Quincy News

Cars of yesteryear fill downtown Quincy as part of annual car Tin Dusters event

Danny and Judy Mittelberg, of Ewing, Mo., admire tin dusters as they amble down Maine Street on Friday, Oct. 18, 2019. An estimated 800 old cars will visit Quincy as they gather for their annual color run along the Mississippi River on Sunday. | H-W Photo/Katelyn Metzger
Katelyn Metzger 1|
By Herald-Whig
Posted: Oct. 19, 2019 12:01 am

QUINCY -- Every car has a story. Just ask Phil and Jeanette Prather, who traveled from their home in Roselle, to bring their black 1932 Ford roadster to Quincy to be a part of the 44th Annual Early Tin Dusters Color Run.

"The cars are like your child or grandchild; you never get tired of talking about them," Jeanette said.

Phil agreed, saying, "When you are driving and nearly every time you stop for gas, it turns into a five- or 10- minute conversation with someone else. I guess it is part of our hobby that we want to have more people become interested in these classics."

The Prathers purchased the car from a fellow vintage car enthusiast in Denver seven years ago. It and the Prathers have made the annual trek to Quincy nearly every year since.

"We've put 50,000 miles on it since we bought it," Phil said. "We've been to a lot of places, and Quincy is one of our favorite places to go to."

The couple has been coming to Quincy for nearly a dozen years. Before they owned the roadster, they drove a brown 1931 Ford Victoria, which they owned for 27 years.

Rick Chapman, Early Tin Dusters immediate past president, said the Prathers, who always book their hotel room a year in advance, are just one example of the nostalgic, tin duster-owning couples who are visiting Quincy this weekend.

The event opened Friday downtown and continues until Sunday afternoon in Upper Moorman Park. More than 650 vehicles, which roamed America's roads before 1949, are expected to be in Quincy this weekend.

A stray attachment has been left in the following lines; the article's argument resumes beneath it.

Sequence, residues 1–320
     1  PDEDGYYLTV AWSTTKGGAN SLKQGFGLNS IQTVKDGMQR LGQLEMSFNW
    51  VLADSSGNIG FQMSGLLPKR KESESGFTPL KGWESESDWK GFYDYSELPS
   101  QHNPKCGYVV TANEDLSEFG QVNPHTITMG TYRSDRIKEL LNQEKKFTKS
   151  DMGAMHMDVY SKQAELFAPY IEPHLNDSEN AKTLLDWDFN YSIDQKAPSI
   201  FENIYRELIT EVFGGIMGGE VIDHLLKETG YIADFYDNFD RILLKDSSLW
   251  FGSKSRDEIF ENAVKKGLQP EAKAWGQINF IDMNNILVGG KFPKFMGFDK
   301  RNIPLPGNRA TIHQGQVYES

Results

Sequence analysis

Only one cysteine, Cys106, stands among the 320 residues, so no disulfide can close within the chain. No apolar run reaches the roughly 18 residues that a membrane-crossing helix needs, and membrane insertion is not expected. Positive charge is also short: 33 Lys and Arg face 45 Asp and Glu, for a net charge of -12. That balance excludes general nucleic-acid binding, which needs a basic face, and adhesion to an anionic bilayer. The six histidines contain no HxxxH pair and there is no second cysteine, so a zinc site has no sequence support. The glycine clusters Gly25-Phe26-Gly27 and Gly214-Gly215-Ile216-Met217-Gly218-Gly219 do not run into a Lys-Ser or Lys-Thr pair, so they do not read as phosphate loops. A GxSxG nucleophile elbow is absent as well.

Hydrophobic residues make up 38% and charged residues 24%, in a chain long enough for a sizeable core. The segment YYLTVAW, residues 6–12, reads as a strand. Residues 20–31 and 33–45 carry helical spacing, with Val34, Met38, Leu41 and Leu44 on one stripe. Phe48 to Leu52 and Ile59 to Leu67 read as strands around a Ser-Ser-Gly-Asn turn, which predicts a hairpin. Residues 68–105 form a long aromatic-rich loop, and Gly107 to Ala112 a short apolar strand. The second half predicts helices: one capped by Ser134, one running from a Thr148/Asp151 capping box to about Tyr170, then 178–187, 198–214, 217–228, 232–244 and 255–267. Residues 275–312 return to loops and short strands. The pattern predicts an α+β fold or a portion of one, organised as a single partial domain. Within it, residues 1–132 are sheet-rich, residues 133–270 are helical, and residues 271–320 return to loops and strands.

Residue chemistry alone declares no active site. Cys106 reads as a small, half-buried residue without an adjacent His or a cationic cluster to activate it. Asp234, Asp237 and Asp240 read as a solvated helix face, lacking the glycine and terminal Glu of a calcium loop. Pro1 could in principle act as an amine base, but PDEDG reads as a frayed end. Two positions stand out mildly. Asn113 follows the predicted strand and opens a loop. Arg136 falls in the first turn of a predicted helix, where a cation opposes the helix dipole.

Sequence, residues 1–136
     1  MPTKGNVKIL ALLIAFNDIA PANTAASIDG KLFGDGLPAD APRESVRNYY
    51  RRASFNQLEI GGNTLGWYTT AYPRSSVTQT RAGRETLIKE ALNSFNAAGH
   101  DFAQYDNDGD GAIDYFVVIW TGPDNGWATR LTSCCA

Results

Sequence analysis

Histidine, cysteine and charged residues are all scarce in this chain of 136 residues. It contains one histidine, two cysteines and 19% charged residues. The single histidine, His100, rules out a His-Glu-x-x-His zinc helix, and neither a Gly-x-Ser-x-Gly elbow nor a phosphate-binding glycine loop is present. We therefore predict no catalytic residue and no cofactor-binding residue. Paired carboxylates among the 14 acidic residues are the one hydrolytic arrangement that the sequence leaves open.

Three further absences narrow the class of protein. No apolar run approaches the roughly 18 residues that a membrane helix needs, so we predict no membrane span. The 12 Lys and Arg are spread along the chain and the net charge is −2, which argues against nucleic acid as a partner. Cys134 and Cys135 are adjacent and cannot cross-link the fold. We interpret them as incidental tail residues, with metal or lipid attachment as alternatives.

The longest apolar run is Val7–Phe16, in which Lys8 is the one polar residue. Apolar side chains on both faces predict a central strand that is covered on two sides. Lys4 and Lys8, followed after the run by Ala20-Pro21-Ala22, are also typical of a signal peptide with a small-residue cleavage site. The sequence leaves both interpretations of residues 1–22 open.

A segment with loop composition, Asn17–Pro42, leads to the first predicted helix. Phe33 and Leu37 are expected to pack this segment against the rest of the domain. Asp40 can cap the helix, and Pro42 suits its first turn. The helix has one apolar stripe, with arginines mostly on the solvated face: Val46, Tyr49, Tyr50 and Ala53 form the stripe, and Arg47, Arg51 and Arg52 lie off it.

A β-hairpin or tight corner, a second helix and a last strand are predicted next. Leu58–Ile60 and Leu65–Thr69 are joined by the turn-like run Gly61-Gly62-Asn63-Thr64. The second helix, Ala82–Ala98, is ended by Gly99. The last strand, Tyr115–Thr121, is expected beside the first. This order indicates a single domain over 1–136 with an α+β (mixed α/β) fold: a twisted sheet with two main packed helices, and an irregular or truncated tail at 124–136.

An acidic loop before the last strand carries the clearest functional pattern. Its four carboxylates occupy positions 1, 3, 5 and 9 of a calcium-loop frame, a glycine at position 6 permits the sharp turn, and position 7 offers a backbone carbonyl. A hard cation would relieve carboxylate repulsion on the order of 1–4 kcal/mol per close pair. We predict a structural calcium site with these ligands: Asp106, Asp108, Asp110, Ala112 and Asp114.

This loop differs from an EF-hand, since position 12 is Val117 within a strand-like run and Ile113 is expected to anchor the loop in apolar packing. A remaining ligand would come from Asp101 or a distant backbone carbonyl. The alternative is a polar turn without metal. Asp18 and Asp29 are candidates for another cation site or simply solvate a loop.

"It is not just the nostalgia of the cars, but of the history that they represent," Chapman said. "It is also that people miss cars that have character and personality. The cars of today don't have the character or the personality that the cars of yesteryear had. I mean, you look at the chrome, the grille work, the face of the car and you see the personality of that car and the story it tells."

Richard Johnson and Keith Krogmeier are co-chairman of the event.

Johnson, who became interested in restoring vintage cars in high school, said he agreed with Chapman that newer vehicles lack the character and personality of vintage ones.

"It is, and I know it sounds funny, but I know if my baby is sick," Johnson said, referring to his vehicle.

Both men said each of the car owners will have a story to share.

"There absolutely is a story to be told about each car, and not just how they've been updated but also how they've been cared for," Chapman said.

He recounted how he met a woman Friday evening who is painstakingly restoring a Ford F-1 pickup truck that had been handed down by her grandfather.

The car show, which is free for spectators, will be from 8 a.m. to 4 p.m. Saturday, Oct. 19, downtown. The car show will move to the a park for another show at 8 a.m. Sunday, Oct. 20. Food, craft and car part vendors will be available from 8 a.m. to 2:30 p.m. at the park.

The multi-day car show is expected to draw 20,000 spectators throughout the weekend.

The Prathers, Chapman, and Johnson agree that first-time and longtime spectators are welcomed, even if those admiring the cars don't consider themselves vintage car-savvy.

"The people at a car show are always very friendly," Jeanette said. "Every one loves their car and wants to tell others about it."

On Sunday afternoon, various trophies will be presented, including Mayor's Choice, Queen's Choice, which is selected by Miss Adams County, and Kid's Choice, which is selected by one camper from Camp Callahan.

Money raised from various raffles and auction items benefit Camp Callahan, a camp for adults and children with disabilities. To date, the annual car show has raised more than $200,000 for the camp. Car show officials are hoping to eclipse the $260,000 mark this year.

Johnson said he would encourage first-time car show attendees and spectators to see the cars crossing the bridge at Upper Moorman Park on Sunday afternoon when the cars begin to leave after the closing ceremony at 2 p.m.

"It is quite the sight to see," Johnson said. "I love Upper Moorman Park. There is only one way in or out of that park, so you get to see all of the cars in motion. It is awesome to watch."

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